LA County Sheriff's Dept. to collect biometrics

System will include palm prints, facial recognition, iris scans and voice recordings, in addition to fingerprints


By C1 Staff

LOS ANGELES – With an additional $24 million in funding, the Los Angeles Sheriff’s Department’s database of biometric data is on track to be the largest system outside of the FBI.

The Epoch Times reports that the system will include palm prints, facial recognition, iris scans and voice recordings, in addition to fingerprints.

Scans of an inmate's eyes appear on a computer monitor attached to an identification system scanner on Feb. 24, 2010 at the Story County Jail in Nevada, Iowa.
Scans of an inmate's eyes appear on a computer monitor attached to an identification system scanner on Feb. 24, 2010 at the Story County Jail in Nevada, Iowa. (AP Photo/Steve Pope)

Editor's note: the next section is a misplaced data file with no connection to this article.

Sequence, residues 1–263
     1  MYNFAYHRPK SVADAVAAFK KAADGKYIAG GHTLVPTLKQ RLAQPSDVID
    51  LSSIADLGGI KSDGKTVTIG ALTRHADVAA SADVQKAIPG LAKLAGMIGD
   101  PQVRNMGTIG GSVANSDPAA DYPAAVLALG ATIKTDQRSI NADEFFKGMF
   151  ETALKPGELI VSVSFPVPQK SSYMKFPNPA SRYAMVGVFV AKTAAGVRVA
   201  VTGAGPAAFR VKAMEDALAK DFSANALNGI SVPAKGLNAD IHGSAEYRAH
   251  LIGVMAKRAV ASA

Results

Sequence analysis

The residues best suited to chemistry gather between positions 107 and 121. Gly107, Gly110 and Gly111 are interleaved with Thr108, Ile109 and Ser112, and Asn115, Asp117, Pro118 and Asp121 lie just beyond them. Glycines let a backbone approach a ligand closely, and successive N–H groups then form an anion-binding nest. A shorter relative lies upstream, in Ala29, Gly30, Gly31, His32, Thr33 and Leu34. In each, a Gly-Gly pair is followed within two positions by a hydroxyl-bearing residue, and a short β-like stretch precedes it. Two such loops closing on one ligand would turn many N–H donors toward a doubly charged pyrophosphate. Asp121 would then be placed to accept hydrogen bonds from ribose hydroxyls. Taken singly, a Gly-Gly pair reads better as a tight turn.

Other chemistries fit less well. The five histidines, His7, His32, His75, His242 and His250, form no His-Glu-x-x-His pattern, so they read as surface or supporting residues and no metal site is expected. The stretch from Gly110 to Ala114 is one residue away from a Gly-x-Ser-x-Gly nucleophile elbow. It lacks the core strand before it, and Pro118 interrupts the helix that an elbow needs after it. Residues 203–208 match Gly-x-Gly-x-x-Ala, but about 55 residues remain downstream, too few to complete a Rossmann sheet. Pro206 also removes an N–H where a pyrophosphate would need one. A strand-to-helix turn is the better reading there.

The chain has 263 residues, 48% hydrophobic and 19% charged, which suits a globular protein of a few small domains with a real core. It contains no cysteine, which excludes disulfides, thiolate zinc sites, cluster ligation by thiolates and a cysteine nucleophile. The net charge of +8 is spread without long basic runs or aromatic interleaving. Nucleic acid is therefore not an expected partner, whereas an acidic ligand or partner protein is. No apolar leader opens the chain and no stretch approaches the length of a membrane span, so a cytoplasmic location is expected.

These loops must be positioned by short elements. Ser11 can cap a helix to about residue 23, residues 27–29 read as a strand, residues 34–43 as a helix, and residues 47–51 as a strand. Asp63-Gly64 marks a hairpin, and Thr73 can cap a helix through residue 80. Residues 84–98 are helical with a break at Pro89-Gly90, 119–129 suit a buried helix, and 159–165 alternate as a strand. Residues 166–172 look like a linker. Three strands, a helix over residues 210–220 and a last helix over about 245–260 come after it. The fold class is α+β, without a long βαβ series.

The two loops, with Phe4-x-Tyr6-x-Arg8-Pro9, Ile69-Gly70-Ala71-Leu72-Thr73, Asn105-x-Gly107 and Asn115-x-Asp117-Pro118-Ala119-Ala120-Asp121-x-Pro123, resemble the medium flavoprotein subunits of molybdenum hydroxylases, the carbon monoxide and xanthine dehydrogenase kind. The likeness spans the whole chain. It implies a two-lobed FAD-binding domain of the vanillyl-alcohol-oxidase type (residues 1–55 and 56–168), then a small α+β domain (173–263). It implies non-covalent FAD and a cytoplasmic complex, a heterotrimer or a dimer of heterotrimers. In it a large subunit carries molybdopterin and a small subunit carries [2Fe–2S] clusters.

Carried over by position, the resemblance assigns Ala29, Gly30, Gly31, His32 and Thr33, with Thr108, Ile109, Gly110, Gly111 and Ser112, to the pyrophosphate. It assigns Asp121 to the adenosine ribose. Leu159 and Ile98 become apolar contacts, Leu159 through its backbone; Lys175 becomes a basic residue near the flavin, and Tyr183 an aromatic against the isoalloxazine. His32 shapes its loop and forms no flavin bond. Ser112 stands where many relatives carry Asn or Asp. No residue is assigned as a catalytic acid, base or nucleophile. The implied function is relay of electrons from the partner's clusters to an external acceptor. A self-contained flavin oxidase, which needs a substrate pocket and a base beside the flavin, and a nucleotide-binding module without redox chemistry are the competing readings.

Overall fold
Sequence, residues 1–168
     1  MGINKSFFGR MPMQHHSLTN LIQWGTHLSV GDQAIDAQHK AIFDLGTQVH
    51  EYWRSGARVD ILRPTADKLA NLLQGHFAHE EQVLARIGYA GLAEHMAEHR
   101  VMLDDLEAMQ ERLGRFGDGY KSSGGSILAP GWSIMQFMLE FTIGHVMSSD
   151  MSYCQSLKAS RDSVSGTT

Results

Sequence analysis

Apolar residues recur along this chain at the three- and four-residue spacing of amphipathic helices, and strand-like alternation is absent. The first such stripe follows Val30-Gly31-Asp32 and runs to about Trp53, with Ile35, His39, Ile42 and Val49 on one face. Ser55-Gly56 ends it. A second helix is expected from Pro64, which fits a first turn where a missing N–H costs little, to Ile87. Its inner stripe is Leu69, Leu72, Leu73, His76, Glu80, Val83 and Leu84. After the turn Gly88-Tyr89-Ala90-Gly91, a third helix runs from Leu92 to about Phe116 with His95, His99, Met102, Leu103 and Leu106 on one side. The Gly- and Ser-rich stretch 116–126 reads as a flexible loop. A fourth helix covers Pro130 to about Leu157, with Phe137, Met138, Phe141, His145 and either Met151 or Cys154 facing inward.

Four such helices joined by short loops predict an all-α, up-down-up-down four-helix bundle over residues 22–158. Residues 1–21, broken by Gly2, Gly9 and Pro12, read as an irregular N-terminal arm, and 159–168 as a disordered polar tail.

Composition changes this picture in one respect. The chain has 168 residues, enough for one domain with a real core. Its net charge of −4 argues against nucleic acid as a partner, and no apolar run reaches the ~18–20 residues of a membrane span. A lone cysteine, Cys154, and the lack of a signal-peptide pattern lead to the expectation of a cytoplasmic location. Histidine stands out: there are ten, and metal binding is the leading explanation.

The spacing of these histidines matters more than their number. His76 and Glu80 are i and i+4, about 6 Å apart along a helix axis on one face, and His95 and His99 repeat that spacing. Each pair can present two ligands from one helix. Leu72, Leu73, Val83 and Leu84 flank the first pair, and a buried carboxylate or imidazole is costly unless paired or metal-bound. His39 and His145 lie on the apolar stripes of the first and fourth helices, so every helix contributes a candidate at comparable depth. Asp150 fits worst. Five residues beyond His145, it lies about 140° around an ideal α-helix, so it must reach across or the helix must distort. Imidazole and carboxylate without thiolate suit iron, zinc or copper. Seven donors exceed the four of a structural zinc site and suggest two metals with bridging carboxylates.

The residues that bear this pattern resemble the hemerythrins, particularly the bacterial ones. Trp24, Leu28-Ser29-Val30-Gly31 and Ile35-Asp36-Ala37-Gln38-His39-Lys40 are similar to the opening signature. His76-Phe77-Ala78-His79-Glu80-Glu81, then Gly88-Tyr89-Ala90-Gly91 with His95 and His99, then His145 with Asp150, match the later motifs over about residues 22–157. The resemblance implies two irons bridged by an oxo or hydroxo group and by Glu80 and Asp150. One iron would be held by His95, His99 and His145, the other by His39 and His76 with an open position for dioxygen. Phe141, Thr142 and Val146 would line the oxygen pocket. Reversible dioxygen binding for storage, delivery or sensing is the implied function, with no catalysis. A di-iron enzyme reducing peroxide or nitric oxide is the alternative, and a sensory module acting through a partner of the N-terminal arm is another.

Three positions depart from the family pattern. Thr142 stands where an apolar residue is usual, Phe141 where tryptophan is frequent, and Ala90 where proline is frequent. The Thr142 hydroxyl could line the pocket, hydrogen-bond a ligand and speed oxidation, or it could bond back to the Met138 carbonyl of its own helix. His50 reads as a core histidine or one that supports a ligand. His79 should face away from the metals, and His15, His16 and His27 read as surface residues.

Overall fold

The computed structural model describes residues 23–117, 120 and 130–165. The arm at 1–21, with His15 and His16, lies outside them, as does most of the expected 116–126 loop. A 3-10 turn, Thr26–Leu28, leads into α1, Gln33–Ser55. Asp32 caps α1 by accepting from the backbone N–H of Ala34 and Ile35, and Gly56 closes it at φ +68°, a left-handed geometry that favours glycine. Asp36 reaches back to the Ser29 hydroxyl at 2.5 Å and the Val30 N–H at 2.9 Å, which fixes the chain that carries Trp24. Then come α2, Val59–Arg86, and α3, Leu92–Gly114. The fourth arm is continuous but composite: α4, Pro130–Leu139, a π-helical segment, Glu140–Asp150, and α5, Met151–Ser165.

The data will be taken solely from those arrested and booked into the county jail.

A person’s identity may also be checked against the database with a mobile device while officers are in the field, similar to fingerprint devices they’ve been using since 2006. The mobile devices don’t have the ability to record new data and add a person to the database.

However, there are separate devices with those capabilities, but the department has not yet selected which one it will use.

Privacy concerns include data from a person not charged with a crime being used to track their movements, along with all of the sheriff’s department’s data being shared with the FBI.

California law enforcement have also been collecting DNA samples from cheek swabs for felony arrests for about five years.

The ACLU released a statement, saying the database violates the Fourth Amendment and may encourage officers to make more stops in the field to gather information for the new database.

Lt. Joshua Thai, who is in charge of implementing the new Multimodal Biometric Identification System (MBIS) said the system will be useful to protect against identity theft.

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